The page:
At the beginning of drug discovery projects, a battery of simple but effective negative design methods have usually been employed to eliminate molecules with undesired properties. To improve the success rate and reduce unnecessary costs, different screening strategies have been developed and widely applied. They can be divided into two categories according to the design aim: negative design and positive design. These negative design methods are able to filter out compounds with undesired properties and thus obtain the desired VS (virtual screening) library for further screening in drug discovery.
Figure 1. Popular negative and positive designs. (Ziyi Yang, et al. 2020)
Drug-likeness explores the relationship between molecular characteristics and behaviors in vivo. Drug-likeness focuses on potential candidates for further research and production, while lead-likeness intends to explore compounds that are tractable for chemical optimization. It should be noted that most drug-likeness rules were intended for the screening of orally administered drugs, while relatively few rules were specifically designed for natural drugs or macrocycle molecules. Such multiparameter optimization strategies can be applied in more negative designs for achieving simplicity, flexibility, and visualization at the same time.
It is found that a large number of compounds are repetitively identified as active hits in many different and independent biological assays covering a wide range of targets, called "frequent hitters". They have a clear-cut negative connotation, as molecular promiscuity is often associated with nontherapeutic "off-targets". Accurate prediction of specific mechanism of frequent hitters is critical in the early phases of drug discovery.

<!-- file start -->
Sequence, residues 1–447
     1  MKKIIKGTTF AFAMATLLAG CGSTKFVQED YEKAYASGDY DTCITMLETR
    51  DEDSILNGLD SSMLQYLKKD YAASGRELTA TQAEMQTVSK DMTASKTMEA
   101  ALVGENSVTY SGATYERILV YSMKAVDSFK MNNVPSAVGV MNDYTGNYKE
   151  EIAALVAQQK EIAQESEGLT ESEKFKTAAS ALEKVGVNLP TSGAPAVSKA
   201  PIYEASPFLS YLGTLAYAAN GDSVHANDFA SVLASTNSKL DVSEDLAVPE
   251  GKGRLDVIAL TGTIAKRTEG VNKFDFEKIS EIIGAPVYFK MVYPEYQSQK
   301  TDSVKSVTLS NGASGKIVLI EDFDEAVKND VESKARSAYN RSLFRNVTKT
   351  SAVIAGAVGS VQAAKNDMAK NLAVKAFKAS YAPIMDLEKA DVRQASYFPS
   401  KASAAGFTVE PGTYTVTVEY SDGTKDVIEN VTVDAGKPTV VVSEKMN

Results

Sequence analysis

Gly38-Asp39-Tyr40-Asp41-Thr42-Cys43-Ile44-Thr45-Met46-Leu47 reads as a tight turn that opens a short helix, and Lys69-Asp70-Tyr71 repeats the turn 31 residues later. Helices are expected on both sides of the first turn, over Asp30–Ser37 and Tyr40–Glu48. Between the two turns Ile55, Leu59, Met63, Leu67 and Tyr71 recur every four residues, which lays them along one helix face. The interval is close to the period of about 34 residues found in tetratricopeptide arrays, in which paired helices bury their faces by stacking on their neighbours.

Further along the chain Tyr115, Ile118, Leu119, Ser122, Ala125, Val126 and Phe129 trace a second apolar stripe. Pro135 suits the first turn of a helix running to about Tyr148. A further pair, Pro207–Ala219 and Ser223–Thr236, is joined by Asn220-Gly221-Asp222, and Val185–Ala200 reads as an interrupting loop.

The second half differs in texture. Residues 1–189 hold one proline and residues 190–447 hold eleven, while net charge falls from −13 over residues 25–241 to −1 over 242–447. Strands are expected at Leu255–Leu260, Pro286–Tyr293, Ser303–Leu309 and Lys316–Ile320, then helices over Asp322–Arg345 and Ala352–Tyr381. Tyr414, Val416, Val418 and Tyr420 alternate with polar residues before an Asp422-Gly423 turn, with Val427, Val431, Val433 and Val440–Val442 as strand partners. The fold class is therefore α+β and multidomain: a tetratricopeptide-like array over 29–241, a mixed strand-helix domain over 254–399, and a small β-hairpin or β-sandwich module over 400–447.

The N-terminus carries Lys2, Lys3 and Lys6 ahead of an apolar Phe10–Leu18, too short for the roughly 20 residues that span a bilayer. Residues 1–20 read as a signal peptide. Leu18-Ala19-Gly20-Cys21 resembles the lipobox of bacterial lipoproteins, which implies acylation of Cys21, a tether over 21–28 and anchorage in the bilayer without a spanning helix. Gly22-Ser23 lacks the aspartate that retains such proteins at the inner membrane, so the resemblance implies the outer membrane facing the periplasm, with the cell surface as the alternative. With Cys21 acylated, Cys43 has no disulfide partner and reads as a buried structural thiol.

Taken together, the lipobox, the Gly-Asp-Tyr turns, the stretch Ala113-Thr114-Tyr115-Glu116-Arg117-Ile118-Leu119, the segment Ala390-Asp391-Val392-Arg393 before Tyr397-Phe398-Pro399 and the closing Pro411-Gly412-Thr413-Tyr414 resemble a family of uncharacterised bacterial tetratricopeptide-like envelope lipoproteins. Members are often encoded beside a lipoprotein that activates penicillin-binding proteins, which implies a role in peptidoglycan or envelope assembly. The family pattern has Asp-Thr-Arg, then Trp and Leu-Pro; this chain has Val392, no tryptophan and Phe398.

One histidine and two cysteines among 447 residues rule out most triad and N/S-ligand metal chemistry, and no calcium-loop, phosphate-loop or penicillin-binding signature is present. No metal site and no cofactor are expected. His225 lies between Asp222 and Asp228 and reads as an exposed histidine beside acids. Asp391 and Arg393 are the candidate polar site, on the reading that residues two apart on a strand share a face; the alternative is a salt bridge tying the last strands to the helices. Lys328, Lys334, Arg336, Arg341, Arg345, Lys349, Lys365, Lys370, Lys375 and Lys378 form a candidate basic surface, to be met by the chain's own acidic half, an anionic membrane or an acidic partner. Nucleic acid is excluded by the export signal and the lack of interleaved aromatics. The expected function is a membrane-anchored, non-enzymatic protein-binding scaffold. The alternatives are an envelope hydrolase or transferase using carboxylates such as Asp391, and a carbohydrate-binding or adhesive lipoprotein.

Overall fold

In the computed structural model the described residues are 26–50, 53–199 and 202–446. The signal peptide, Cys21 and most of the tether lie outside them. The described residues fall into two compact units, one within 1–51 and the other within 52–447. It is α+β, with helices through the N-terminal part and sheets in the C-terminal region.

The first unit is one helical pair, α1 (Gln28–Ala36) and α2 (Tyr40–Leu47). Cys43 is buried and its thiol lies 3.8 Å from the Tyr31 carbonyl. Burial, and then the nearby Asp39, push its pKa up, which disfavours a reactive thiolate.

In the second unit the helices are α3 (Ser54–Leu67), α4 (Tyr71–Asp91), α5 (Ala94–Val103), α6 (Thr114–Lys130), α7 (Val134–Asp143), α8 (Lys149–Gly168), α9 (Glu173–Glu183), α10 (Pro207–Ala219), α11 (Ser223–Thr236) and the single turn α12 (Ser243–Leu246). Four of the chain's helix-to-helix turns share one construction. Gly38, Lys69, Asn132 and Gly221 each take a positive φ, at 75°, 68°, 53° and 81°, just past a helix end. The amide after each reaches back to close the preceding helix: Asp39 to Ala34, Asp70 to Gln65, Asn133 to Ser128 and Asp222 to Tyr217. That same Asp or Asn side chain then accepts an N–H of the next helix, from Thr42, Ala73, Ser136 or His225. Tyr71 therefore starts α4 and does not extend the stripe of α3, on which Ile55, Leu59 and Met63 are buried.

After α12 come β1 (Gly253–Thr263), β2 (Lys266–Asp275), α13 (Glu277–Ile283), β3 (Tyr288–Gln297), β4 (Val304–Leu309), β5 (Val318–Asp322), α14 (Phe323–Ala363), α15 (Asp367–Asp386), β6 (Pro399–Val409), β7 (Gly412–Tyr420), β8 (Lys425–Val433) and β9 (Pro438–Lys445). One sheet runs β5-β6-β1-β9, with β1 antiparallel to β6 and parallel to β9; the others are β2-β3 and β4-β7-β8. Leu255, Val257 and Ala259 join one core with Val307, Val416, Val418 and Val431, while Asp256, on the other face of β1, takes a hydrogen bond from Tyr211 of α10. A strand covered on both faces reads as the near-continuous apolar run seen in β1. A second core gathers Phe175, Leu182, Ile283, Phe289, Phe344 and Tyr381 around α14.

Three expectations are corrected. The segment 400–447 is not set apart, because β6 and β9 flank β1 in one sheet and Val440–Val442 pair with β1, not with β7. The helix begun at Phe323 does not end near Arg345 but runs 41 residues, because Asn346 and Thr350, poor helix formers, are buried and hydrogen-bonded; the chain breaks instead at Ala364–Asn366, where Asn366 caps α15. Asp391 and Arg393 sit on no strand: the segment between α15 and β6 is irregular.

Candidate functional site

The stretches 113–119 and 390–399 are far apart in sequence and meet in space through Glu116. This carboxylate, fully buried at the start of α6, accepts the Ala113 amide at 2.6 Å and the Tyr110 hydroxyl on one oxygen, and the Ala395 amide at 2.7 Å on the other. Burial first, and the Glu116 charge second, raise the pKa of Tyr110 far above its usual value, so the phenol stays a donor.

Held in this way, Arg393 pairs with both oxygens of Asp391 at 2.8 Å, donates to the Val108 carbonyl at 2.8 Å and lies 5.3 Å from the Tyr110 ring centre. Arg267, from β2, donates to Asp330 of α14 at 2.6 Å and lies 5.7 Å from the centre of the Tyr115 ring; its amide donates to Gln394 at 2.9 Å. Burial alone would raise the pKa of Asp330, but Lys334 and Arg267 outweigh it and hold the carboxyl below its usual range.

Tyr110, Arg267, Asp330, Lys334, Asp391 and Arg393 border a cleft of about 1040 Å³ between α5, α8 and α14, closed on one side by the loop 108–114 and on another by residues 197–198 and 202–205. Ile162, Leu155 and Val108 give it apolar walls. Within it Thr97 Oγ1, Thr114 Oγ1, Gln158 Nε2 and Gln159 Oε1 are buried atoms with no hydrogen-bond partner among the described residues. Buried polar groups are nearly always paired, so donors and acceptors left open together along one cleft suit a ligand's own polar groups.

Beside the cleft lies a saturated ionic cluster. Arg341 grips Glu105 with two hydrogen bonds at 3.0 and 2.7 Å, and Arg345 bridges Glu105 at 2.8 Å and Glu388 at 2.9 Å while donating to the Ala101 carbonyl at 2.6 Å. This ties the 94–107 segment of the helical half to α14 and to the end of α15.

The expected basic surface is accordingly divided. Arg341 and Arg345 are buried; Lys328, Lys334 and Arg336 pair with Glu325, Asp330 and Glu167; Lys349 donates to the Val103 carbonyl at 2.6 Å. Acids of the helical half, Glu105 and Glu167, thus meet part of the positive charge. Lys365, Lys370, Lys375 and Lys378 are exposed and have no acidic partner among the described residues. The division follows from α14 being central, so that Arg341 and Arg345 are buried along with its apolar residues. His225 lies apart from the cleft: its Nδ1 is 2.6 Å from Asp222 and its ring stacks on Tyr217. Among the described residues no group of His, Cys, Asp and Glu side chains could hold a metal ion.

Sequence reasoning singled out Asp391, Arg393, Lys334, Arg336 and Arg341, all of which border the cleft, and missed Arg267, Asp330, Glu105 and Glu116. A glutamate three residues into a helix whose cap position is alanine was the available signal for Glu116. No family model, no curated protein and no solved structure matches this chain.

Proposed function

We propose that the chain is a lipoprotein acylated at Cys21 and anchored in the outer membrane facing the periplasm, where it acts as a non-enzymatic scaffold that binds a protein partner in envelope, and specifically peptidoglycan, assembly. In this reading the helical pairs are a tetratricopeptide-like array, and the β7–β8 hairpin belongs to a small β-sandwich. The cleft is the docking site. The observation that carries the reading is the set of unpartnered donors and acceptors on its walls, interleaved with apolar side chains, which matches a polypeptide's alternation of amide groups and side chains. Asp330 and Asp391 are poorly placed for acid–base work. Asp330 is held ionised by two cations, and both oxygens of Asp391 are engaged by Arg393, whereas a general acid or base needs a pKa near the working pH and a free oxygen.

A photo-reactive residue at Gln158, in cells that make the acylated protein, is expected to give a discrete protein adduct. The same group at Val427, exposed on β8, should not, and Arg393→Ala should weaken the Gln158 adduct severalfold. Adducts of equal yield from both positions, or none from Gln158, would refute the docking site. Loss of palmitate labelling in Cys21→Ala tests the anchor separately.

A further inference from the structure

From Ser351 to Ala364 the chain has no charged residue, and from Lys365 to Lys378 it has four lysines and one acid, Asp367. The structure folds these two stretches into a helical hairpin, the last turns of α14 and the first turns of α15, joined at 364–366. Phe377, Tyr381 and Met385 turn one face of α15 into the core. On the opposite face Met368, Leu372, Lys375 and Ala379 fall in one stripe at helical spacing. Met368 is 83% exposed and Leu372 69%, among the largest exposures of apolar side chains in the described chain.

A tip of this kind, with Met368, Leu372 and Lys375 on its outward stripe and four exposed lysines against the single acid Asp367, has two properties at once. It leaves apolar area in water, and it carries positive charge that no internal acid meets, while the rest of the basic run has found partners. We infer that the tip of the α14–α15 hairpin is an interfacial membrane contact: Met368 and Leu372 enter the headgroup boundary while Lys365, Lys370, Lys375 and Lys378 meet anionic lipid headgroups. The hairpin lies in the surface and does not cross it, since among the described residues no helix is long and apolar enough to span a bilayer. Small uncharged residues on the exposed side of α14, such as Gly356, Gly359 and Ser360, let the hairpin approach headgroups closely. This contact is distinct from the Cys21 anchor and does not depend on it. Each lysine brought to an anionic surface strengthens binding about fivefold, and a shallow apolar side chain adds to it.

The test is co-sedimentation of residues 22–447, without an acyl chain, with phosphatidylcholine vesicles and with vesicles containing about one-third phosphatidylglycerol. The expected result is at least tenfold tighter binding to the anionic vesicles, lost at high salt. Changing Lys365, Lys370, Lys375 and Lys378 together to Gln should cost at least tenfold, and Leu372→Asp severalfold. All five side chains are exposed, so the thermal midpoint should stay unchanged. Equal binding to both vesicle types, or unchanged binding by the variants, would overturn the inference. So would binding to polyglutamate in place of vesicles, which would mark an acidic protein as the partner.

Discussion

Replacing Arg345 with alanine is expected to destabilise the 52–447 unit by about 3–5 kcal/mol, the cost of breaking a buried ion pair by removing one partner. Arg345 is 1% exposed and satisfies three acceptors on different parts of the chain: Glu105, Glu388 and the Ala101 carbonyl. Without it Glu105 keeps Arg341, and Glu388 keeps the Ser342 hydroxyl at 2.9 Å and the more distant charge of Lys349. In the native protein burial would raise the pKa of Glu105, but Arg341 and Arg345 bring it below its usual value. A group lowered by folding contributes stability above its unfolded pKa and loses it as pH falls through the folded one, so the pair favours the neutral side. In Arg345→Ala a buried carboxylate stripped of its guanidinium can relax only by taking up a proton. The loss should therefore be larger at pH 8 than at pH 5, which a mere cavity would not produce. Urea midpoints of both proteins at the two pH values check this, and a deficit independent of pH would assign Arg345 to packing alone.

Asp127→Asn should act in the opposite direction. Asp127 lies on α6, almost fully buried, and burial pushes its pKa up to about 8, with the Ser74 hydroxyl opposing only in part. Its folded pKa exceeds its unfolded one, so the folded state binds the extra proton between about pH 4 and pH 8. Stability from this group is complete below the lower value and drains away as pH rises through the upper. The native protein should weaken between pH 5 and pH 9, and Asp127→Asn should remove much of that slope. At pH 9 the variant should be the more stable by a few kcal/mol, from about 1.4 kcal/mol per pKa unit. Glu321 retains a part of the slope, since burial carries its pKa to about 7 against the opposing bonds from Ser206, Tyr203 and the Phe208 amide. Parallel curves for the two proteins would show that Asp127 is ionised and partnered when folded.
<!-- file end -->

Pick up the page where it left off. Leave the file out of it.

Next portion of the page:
Toxicity remains a significant issue for the pharmaceutical industry, which may lead to unexpected attrition, late-stage failures, and market withdrawals. It is clear that a key strategy to reduce toxicity-related attrition and cost is to target safe and potential compounds in the early phase. The knowledge-based rules or filters and the models developed by several simple statistical methods, make negative design a better choice for early target screening.
To achieve efficient and successful drug researches, a set of negative design tools have been developed for improving drug discovery efficiency and making decisions with abundant and high-quality data. It is a process of multi-step and multi-parameter optimization to use early phase screening results as a flag list, rather than a set of stringent elimination criteria. We believe that the development and rational application of negative design can take our drug research and development path better and further, and truly realize the effective and reasonable research and development of potential drugs.